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Management Side
Port Townsend Paper mill, union working under new contract

PORT TOWNSEND, Washington (From the Peninsula Daily News) -- Port Townsend Paper Corp. and United Steelworkers Local 175 have come to an agreement on a five-year contract after minor revisions to a deal that failed in January.

The contract was approved by the United Steelworkers (USW) Local 175 on Feb. 7 with 115 votes for and 32 votes against the deal.

"We thought negotiations went well," said Felix Vicino, the human resources manager for Port Townsend Paper Corp.

"We did a lot of bargaining in the middle of December and it barely failed the first time we voted in January."

The new contract phases out benefits such as early retirement health insurance and a premium for Sunday shift workers. However, Vicino said these benefits have been phased out of the industry in general and needed to be cut to keep the mill competitive.

"We held on to everything as long as we could," said Phil Dupuy, the president of USW Local 175.

"It makes it tougher to compete in the time that we're in, but we're still in business and everyone is still making enough money to support their families. That's the most important thing. It is to me anyway."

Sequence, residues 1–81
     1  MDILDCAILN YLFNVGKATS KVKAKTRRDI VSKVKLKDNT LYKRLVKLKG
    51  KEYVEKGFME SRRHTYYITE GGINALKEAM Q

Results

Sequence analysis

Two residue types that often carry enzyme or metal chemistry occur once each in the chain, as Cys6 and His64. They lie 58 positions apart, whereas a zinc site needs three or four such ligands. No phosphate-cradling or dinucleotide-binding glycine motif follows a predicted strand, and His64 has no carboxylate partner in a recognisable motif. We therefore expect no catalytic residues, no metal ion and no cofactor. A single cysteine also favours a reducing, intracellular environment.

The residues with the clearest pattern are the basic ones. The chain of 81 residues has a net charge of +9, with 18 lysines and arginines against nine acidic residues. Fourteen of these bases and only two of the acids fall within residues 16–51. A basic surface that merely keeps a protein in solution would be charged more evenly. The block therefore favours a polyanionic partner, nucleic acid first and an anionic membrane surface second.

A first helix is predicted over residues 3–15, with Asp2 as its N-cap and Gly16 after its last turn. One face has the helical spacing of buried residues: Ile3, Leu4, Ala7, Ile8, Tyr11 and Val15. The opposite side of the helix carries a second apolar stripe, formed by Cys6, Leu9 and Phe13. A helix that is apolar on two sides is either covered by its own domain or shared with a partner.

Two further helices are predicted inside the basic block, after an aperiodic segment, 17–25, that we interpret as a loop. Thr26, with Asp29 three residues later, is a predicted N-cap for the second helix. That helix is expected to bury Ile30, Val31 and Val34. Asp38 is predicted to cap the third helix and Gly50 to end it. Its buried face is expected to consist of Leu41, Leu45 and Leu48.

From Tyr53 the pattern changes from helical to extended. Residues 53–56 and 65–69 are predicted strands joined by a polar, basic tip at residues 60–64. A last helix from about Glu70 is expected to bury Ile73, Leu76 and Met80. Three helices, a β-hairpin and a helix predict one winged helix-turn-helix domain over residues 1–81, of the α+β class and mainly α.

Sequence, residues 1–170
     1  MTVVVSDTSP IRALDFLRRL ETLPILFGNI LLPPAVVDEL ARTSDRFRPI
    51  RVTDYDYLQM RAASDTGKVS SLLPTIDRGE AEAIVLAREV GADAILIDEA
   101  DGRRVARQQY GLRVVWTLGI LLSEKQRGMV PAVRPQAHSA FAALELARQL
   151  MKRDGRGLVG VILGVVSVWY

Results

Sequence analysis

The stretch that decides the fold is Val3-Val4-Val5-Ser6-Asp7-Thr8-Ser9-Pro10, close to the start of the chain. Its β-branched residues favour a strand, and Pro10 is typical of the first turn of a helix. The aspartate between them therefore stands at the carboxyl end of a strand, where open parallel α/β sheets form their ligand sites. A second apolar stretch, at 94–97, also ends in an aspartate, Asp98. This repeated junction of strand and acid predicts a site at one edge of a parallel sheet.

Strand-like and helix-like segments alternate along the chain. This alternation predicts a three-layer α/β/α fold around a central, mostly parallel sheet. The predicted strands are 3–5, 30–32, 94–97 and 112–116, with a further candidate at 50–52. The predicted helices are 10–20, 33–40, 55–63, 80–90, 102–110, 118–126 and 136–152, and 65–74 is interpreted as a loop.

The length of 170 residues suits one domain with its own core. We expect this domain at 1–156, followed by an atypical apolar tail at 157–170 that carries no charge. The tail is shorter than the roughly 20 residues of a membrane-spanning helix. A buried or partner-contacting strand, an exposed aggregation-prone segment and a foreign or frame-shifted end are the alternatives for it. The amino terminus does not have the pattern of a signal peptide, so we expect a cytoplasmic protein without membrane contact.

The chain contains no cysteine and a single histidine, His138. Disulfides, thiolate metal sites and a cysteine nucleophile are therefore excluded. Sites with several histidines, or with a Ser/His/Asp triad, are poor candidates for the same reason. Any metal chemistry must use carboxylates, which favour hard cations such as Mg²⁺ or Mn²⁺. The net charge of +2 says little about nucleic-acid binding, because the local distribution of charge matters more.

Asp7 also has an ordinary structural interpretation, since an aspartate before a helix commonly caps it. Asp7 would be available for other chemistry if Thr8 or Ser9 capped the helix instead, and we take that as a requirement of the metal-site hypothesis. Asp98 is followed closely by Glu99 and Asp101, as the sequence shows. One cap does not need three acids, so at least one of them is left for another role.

The contract will go into effect March 1 and run through Feb. 28, 2022.

While the new contract doesn't include a general wage increase for workers this year, it does provide cash payments as ratification bonuses in return for union members agreeing to cut the early retirement health coverage, Sunday premiums and money for meals.

The contract does call for a wage increase of 1.5 percent in March 2018 and increases of 2 percent in March of 2019, 2020 and 2021.

Tour shift workers will also receive bonuses of $3,586 and non-tour shift workers will see a $1,336 bonus through 2020.

The new agreement did get rid of retirement medical insurance so workers 60 to 65 with 10 years service as of Dec. 31, 2017, will be eligible to receive monthly payments of $550 for themselves and their eligible dependants to go toward purchasing health insurance.

This will continue until the worker and their spouse reach 65 and will end for dependants when they turn 26.

Workers who are 55 and older with 30 years of service will receive a one-time payment of $2,500 effective March 1.

These cuts were in the January version of the contract, which narrowly failed, but Vicino said when they renegotiated in January they were able to move some funds around to provide the ratification bonuses for agreeing to the cuts.

"These are benefits not many places have anymore," Vicino said.

"These have been phased out of the industry and we did this to be more competitive moving forward."

As one of the largest employers in Port Townsend, staying competitive is important to keep the mill in business, which is worth it, according to Dupuy.

"This mill has been supported by local families since it first started," Dupuy said. "We want to keep it that way."

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